Where a traditional ground surveyor might need to scramble over rocks or through dense vegetation to reach ground points that need to be measured for an accurate topographical profile, the same data can often be easily and safely captured from the air using drones launched from safe locations, then validated against ground data collected in safer, more easily accessible parts of the site.
This becomes even more critical when surveying large quarries or open cut mines where pit walls can be very difficult to reach and very dangerous to measure. But drone surveys can easily capture every detail of a pit wall or excavation, safely and efficiently, delivering data with much greater detail than traditional approaches.
3. Drone Surveys are Often Cheaper and More Cost-Effective
Are drone surveys really cheaper than ground surveys? It’s a no-brainer, right? If the data can be collected more quickly and efficiently from the air, there must be significant cost savings. Right?
Well yes and no. Anyone who claims that drone surveys can be completed for a fraction of the cost of ground surveys may not know what they are doing. It’s too easy for amateurs to pick up a drone at Harvey Norman and claim to offer aerial surveys, with little or no practical experience and relying on computer programs to automatically process the data (and with little or no idea if it is reliable or accurate, let alone in a usable format).
While this kind of operator might be able to deliver something resembling survey data, any reliance on that data comes with large financial and organisational risks for the purchaser. The data might come cheaply, but the cost of basing construction and engineering decisions on that data can be extremely high … and the operator probably has no professional liability insurance to compensate you for losses incurred through using their data.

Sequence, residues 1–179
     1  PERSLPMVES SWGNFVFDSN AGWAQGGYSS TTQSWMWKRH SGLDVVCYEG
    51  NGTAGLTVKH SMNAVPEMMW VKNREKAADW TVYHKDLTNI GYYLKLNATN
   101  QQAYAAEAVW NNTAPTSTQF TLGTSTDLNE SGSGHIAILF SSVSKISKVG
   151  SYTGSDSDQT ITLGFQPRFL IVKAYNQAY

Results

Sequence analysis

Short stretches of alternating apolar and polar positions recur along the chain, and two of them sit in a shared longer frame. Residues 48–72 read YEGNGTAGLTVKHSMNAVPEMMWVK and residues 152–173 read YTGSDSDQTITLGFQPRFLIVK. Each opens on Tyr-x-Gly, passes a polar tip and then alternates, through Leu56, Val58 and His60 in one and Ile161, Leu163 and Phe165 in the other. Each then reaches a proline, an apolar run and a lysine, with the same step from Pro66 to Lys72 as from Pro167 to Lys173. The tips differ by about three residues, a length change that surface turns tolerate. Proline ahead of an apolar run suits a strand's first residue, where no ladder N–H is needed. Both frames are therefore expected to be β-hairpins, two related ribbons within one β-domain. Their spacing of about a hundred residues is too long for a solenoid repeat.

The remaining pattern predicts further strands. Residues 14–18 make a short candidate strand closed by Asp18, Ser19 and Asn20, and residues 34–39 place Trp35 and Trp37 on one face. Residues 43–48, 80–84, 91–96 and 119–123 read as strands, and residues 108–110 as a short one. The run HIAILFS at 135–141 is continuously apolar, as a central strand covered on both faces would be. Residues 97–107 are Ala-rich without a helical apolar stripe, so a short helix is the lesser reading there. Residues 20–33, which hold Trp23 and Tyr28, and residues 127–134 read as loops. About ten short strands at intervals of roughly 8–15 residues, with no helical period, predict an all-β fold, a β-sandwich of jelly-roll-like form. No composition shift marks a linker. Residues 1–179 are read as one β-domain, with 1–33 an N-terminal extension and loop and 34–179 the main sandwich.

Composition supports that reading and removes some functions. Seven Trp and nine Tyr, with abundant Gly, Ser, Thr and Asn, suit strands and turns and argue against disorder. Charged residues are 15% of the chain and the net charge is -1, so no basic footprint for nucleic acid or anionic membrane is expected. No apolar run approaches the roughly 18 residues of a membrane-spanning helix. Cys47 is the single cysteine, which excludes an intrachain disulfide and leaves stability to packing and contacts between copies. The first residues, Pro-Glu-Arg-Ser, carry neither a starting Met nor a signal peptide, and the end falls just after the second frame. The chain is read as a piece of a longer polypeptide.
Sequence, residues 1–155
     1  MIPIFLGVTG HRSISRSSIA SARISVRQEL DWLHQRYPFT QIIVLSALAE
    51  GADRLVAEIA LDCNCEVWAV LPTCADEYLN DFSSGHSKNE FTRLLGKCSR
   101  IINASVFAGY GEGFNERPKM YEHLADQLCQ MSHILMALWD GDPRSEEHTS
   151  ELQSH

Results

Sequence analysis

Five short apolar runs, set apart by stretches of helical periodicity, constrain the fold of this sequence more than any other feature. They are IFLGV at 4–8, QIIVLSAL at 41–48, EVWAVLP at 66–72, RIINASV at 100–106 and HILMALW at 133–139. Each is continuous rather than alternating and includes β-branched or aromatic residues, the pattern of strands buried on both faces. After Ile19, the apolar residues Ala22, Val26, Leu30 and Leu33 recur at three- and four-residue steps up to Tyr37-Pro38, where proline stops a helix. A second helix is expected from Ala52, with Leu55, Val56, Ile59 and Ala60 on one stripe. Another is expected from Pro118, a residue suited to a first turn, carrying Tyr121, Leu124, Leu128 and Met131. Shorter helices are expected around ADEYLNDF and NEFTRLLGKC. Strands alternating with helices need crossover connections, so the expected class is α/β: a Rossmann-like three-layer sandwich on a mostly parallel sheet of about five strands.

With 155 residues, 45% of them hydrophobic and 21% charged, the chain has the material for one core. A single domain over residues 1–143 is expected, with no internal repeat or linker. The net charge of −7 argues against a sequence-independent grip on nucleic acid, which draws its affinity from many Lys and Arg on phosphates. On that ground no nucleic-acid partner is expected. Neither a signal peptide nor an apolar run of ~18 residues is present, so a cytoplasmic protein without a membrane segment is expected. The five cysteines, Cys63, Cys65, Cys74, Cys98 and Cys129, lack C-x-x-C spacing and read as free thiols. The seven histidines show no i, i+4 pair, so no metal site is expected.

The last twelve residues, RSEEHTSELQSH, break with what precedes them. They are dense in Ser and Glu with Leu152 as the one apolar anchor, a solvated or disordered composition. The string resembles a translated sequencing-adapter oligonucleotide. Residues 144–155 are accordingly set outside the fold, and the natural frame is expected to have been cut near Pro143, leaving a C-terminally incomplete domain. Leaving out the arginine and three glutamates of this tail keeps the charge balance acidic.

Yes, drone surveys are often cheaper and more cost-effective than comparable ground based surveys for the obvious reasons, but they still require a similar level of professional skill, survey design methodology, ground-truthing, data processing knowledge and data verification expertise as a traditional ground survey, so make sure you’re getting that or it may not be as cheap as you think.
Professional drone survey service providers like Queensland Drones use experienced pilots and GIS analysts who understand how the data will be used by the client and can plan and execute their surveys to ensure client expectations are met. Our high quality GNSS RTK and PPK measurement systems mean we can collect and process survey data that can be readily used without surveyor certification. But where that data needs to be relied on for engineering decisions or cadastral purposes, we always work with a surveyor – your or ours – ensure it is reliable and verifiable.
The cost savings from a drone survey are significant, especially when larger and more complex or difficult sites are involved, but drones themselves don’t do surveys.
4. Drone Survey Data can be Just as Accurate as Ground Survey Data
Some traditional ground-based surveyors claim that drone surveys are not as accurate as traditional surveys, but there is little evidence that this is correct … and a growing body of evidence to the contrary.